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Monday, November 28, 2016

CITIZEN—Being and Belonging

Raja Kelly. Photo courtesy Reggie Wilson/Fist & Heel
By Christian Barclay

In 1936 Josephine Baker, then already a major star in Europe, returned to America to star in the Ziegfield Follies. The production featured choreography by George Balanchine, music by Vernon Duke, and lyrics by Ira Gershwin. In spite of the marquee names, the show was a flop. Many critics specifically attacked Baker’s performance, labeling her “a Negro wench,” incapable of portraying a woman of sophistication and power. Disgusted and disheartened, Baker renounced her American citizenship and moved to France. She wouldn’t perform in the US again for over a decade.

CITIZEN, the newest work from Reggie Wilson and the Fist & Heel Performance Group, was inspired by the challenges that Baker and other black artists and activists faced in America––and the reasons why some ultimately chose to leave. The piece is predicated on the concept of belonging, and asks the questions “What does it mean to belong?” and “What does it mean to not want to belong?”

Wilson traces the genesis of CITIZEN to an ongoing interest in the work and life of Zora Neale Hurston, who unlike many of her Harlem Renaissance contemporaries, never carved a path to Paris. A 2014 trip to the city raised a myriad of questions for Wilson: Were African-Americans “immigrants” in their own country? How did they fight for their right to participate? What did they find in Paris that was so different, and how did this difference affect their art? Paris had long been a haven for African-Americans. From the first mass migration in 1803, after the Louisiana Purchase, the city remained an escape from slavery and segregation.

Anna Schon. Photo courtesy Reggie Wilson/Fist & Heel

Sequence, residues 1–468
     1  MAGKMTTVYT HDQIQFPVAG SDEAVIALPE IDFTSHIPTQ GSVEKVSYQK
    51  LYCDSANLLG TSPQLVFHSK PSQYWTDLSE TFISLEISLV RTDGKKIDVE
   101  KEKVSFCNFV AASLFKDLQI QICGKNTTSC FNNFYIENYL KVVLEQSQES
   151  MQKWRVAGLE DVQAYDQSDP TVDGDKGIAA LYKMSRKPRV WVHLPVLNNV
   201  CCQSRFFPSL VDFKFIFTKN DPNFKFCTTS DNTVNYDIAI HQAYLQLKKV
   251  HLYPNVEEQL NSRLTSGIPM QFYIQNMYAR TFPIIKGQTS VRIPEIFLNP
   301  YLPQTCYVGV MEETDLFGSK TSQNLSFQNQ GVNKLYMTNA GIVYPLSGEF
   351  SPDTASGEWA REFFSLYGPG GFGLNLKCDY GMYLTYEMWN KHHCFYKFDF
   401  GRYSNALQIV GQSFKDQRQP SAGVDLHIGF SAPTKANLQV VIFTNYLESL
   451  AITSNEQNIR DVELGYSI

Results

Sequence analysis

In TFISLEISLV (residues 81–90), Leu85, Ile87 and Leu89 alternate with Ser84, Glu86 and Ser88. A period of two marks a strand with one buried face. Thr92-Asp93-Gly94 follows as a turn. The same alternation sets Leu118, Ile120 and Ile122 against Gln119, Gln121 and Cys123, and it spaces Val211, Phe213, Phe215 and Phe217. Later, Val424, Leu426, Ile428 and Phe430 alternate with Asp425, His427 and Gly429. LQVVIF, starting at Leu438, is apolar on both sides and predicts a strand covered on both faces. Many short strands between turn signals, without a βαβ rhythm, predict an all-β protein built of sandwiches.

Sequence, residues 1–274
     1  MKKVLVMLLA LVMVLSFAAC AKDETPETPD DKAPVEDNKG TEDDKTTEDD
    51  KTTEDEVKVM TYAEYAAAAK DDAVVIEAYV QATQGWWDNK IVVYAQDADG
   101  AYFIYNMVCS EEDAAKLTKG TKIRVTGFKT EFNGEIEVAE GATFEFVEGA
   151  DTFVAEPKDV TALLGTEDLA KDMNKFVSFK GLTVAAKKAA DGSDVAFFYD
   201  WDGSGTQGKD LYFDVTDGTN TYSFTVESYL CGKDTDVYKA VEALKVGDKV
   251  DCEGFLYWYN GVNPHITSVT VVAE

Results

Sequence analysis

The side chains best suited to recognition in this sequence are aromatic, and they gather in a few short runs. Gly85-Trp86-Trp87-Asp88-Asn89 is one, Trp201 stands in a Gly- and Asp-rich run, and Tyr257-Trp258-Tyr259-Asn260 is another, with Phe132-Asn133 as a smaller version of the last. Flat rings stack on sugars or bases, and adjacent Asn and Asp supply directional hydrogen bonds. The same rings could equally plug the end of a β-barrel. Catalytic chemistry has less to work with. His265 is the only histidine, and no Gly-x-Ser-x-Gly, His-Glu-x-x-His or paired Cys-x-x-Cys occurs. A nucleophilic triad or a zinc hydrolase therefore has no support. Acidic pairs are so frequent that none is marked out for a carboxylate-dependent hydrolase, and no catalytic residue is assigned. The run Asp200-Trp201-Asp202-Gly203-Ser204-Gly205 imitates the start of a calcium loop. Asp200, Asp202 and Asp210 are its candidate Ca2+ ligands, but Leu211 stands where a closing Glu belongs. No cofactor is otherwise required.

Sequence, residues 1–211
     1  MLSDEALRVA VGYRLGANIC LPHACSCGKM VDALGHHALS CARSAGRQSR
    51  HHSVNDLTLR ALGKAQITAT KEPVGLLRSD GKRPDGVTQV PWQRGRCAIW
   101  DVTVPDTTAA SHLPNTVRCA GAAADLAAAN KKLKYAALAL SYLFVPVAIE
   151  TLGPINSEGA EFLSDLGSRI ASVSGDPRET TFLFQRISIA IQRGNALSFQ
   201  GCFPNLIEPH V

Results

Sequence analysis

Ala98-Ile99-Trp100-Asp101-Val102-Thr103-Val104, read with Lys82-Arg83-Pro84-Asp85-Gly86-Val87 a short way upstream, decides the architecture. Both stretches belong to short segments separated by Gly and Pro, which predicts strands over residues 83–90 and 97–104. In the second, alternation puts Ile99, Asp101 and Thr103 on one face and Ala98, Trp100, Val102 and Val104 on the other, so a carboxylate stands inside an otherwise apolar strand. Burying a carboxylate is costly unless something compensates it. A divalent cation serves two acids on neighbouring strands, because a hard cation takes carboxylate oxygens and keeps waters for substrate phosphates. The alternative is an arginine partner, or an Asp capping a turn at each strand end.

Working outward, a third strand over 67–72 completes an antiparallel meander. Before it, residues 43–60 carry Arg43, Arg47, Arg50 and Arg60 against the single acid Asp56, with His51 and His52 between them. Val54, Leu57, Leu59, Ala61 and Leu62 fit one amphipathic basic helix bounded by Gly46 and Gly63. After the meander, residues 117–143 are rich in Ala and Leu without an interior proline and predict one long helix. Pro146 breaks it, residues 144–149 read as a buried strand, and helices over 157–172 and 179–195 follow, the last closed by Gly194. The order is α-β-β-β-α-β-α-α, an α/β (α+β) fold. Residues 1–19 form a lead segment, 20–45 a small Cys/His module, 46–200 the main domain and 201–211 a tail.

Its embrace of black culture provided African-Americans a uniquely visible opportunity to explore and celebrate their heritage. W.E.B. Du Bois’ groundbreaking American Negro exhibit at the 1900 Paris Exposition showcased hundreds of photographs of African-Americans, seeking to belie the theory that they were a biologically inferior and monolithic people. The exhibit, which was largely shunned by the American press, won an unprecedented seventeen awards, including a Gold Medal.

James Reese Europe, a ragtime and early jazz bandleader and musician, had a similarly formative experience in France during World War I. After fighting with his all-black regiment, known as the Harlem Hellfighters, Europe and his military band toured all over the country, performing for sold-out crowds. His compositions, a syncopated blend of spirituals and plantation melodies, helped spur the early growth of jazz. On his return to America in 1919, Europe said, “We won France by playing music which was ours and not a pale imitation of others, and if we are to develop in America we must develop along our own lines.”

While some African-Americans returned from Paris with a renewed will, others sought a more permanent escape. Writer James Baldwin settled into a self-imposed exile in Paris when he was 24. In addition to escaping American prejudice, Baldwin was in search of a place where he could explore himself and his writing beyond an imposed racial context. He wanted to avoid “becoming merely a Negro; or, even, merely a Negro writer.”

What does it mean to belong? What does it mean to not want to belong? How is a sense of belonging related to being an individual? For these historic figures, and many more, their time abroad offered them an opportunity to explore these questions personally, publicly, and politically. CITIZEN is grounded by such experiences, promising to illuminate the complex ways in which we strive to define ourselves––both within a group and outside of it.

CITIZEN will be performed by Reggie Wilson/Fist & Heel Performance Group at the BAM Harvey Theater from December 14—17.

Christian Barclay is a publicist at BAM.

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